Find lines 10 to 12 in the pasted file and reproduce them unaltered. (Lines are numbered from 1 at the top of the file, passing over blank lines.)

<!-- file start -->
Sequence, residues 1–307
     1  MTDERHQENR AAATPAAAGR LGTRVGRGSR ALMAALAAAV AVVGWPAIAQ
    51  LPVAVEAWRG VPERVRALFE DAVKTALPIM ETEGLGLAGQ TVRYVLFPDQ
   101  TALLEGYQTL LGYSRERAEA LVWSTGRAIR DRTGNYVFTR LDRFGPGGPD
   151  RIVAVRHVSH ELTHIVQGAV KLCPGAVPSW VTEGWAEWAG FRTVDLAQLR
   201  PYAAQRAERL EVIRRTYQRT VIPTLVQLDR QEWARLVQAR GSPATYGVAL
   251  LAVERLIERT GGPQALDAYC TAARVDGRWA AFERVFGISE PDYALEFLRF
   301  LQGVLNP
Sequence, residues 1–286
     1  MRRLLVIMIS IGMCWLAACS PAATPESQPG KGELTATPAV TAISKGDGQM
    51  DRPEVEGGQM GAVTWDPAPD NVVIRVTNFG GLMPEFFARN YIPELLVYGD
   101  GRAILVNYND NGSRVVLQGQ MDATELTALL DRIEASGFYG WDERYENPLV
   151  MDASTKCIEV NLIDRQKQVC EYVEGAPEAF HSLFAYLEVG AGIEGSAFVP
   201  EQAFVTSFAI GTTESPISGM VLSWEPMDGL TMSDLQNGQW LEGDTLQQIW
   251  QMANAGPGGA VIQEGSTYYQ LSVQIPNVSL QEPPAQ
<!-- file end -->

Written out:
     1  MRRLLVIMIS IGMCWLAACS PAATPESQPG KGELTATPAV TAISKGDGQM
    51  DRPEVEGGQM GAVTWDPAPD NVVIRVTNFG GLMPEFFARN YIPELLVYGD
   101  GRAILVNYND NGSRVVLQGQ MDATELTALL DRIEASGFYG WDERYENPLV